– Says GuySuCo’s practices influence absenteeism
The Federation of Independent Trade Unions of Guyana (FITUG), Guyana’s major Trade Union grouping, has thrown its support behind sugar workers.
The Federation said that while it is saddened over the deteriorating relations between the Guyana Sugar Corporation (GuySuCo) and the workers’ bargaining agent, the Guyana Agricultural and General Workers’ Union (GAWU), it has no choice but to lend its support and solidarity to GAWU and its members.
“It is NOT the sugar workers’ fault that the industry is now enduring perilous times,” FITUG declared,” saying that it was the Government and GuySuCo who determined that a new factory at Skeldon should be constructed to bring down the cost of producing sugar.
“The workers are NOT responsible for the outrageous break-downs and down time at this “modern” facility,” FITUG stated.
The Federation further said that workers are not responsible for the rainy season and lost days. “And sugar workers certainly do not fashion the Turnaround Plans and the programmes and policies which the employer, GuySuCo, comes up with.”
According to FITUG, the sugar industry’s workers certainly play a vital role in the sustained viability of their industry in that they have to turn out to work in the fields, factories and offices to ensure the production of the most tonnes of sugar possible.
“When, however, they experience unwillingness by the employer, to consider reasonable wage incentives and increases, they foresee a gloomy future despite their back-breaking toil and their morale plummets to undesirable lows,” FITUG stated,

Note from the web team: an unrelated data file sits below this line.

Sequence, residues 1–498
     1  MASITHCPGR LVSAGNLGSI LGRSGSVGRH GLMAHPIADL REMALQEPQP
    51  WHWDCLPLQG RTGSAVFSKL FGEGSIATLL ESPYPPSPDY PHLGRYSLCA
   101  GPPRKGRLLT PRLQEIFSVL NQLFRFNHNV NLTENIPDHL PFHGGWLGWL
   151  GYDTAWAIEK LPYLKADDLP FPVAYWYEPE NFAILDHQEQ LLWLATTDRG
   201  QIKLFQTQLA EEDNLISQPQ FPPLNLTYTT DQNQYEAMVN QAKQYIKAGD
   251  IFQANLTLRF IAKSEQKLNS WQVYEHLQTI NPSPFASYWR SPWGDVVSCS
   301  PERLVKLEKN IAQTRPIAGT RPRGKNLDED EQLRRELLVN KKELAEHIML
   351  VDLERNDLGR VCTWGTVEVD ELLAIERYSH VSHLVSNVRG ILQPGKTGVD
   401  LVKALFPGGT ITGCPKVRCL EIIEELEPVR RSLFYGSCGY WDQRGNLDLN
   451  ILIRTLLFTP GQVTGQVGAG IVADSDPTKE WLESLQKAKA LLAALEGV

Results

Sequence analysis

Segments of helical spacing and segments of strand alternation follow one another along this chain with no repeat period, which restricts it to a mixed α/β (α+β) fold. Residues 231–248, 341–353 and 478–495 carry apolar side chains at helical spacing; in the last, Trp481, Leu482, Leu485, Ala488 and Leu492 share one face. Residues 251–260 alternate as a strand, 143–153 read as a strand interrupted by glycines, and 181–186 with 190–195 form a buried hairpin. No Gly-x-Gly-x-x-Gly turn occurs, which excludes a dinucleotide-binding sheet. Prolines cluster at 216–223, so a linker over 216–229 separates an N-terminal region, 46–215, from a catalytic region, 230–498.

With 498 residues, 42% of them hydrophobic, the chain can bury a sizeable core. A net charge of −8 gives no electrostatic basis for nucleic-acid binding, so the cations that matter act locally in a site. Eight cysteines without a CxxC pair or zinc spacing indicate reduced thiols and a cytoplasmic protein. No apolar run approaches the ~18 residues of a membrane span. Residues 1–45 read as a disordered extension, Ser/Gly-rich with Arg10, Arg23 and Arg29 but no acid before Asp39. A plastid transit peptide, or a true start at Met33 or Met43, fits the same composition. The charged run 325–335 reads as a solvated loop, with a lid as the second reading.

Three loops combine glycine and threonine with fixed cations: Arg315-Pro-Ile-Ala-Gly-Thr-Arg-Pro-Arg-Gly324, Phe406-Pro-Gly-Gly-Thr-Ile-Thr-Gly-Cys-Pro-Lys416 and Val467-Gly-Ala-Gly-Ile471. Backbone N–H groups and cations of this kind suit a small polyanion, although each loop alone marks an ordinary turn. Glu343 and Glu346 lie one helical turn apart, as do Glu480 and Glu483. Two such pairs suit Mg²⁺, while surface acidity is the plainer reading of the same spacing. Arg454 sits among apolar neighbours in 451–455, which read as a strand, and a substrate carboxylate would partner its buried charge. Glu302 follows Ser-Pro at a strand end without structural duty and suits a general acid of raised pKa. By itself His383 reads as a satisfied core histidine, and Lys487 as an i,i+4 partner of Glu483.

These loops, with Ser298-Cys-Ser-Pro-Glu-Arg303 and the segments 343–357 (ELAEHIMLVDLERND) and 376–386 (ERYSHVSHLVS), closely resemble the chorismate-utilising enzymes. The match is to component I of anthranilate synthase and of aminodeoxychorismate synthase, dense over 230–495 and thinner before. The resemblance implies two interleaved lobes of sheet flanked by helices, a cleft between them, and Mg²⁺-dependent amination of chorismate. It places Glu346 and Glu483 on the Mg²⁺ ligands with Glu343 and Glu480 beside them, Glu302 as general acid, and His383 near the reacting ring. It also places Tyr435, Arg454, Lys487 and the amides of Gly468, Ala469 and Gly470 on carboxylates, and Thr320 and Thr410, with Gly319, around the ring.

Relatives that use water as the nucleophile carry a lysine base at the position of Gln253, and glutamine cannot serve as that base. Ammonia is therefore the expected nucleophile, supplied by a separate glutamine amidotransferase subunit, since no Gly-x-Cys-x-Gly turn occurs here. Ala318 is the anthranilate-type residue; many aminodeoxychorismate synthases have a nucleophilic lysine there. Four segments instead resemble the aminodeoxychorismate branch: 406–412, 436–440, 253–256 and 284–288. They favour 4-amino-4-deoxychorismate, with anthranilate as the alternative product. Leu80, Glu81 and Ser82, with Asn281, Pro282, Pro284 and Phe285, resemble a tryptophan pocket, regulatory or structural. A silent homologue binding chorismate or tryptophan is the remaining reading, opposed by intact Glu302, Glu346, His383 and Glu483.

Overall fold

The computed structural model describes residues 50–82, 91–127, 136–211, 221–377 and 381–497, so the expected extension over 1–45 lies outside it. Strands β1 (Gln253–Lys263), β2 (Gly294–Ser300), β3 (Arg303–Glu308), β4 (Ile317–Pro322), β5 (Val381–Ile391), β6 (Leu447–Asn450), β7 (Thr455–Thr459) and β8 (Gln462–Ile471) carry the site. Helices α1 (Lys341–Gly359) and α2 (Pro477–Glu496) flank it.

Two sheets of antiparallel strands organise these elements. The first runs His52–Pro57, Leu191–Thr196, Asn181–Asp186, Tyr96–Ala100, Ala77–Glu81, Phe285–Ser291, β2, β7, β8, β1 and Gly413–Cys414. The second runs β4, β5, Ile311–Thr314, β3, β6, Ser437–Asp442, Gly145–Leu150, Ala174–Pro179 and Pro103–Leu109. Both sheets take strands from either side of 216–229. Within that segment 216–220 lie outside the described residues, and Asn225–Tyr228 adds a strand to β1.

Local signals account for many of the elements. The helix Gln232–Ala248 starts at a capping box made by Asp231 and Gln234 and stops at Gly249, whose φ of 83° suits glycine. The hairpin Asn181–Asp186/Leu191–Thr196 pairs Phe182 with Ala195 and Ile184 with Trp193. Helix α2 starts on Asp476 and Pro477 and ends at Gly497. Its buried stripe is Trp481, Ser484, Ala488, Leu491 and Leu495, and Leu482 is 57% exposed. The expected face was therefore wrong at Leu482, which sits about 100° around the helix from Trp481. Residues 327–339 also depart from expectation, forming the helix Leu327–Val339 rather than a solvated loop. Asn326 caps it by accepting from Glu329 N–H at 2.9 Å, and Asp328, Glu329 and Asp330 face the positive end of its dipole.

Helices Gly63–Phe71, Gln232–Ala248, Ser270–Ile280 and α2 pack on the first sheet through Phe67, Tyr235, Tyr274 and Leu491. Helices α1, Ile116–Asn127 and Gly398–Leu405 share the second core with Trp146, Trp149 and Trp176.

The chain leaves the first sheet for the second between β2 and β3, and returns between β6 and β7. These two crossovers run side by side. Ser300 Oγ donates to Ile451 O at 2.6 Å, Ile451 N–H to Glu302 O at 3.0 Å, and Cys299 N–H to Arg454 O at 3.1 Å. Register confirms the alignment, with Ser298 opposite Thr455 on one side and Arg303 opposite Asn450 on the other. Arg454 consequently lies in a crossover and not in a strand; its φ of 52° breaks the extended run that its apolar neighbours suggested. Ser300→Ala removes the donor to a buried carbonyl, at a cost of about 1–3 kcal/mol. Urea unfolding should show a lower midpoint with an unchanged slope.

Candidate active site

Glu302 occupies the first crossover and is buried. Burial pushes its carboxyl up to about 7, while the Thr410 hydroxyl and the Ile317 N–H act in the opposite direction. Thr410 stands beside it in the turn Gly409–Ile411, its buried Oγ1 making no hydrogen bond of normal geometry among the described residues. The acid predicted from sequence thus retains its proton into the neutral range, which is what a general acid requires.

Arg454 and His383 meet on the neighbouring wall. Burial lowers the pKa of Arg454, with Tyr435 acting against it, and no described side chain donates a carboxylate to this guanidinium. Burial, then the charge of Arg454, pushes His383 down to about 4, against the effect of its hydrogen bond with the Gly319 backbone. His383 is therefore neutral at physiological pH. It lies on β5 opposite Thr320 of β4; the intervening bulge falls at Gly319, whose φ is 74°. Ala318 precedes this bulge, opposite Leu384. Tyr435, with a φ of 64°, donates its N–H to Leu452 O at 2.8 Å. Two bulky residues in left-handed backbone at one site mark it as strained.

“A demoralized work-force cannot produce adequately,” the Federation added, arguing that it should never be beyond the employer to find the material means to encourage their workforce. “Instead, GuySuCo’s practices influence workers’ absenteeism and disloyalty.”
FITUG has concluded that GuySuCo has not actually offered its employees any increases.
Since the sugar industry is a key component in the national economy’s well-being and since sugar’s challenges will impact on all Guyana, FITUG said that perhaps it is time for substantial government intervention into this impasse.
“Sugar is too big to fail – at least at this stage of our national developmental programmes,” FITUG noted.
“Failure will see hundreds of thousands of workers and their dependents suddenly becoming a destitute constituency in this economy.”
FITUG said that any transition in the sugar sector has to be planned and gradual.
“Since our President is aware of the importance of Skeldon, he is bound to be aware of the current larger picture confronting the industry. All the elements, therefore, urgently invite his government’s intervention.”
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